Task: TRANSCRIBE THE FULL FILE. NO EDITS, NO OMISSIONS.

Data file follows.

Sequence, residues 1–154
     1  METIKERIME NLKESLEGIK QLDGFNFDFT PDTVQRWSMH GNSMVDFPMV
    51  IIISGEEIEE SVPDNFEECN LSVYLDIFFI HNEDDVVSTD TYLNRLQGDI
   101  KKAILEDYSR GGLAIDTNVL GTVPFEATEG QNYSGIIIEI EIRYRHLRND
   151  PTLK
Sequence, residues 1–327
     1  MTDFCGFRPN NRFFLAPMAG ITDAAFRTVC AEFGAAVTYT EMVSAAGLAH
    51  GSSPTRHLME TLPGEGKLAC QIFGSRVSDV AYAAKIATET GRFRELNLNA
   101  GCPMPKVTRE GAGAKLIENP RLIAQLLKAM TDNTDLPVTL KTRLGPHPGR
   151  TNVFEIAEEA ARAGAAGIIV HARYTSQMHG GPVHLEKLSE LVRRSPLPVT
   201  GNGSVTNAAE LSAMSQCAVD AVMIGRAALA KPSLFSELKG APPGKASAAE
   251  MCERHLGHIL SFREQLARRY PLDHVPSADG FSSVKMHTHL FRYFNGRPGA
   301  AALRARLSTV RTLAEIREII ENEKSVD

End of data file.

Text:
Sequence, residues 1–154
     1  METIKERIME NLKESLEGIK QLDGFNFDFT PDTVQRWSMH GNSMVDFPMV
    51  IIISGEEIEE SVPDNFEECN LSVYLDIFFI HNEDDVVSTD TYLNRLQGDI
   101  KKAILEDYSR GGLAIDTNVL GTVPFEATEG QNYSGIIIEI EIRYRHLRND
   151  PTLK
Sequence, residues 1–327
     1  MTDFCGFRPN NRFFLAPMAG ITDAAFRTVC AEFGAAVTYT EMVSAAGLAH
    51  GSSPTRHLME TLPGEGKLAC QIFGSRVSDV AYAAKIATET GRFRELNLNA
   101  GCPMPKVTRE GAGAKLIENP RLIAQLLKAM TDNTDLPVTL KTRLGPHPGR
   151  TNVFEIAEEA ARAGAAGIIV HARYTSQMHG GPVHLEKLSE LVRRSPLPVT
   201  GNGSVTNAAE LSAMSQCAVD AVMIGRAALA KPSLFSELKG APPGKASAAE
   251  MCERHLGHIL SFREQLARRY PLDHVPSADG FSSVKMHTHL FRYFNGRPGA
   301  AALRARLSTV RTLAEIREII ENEKSVD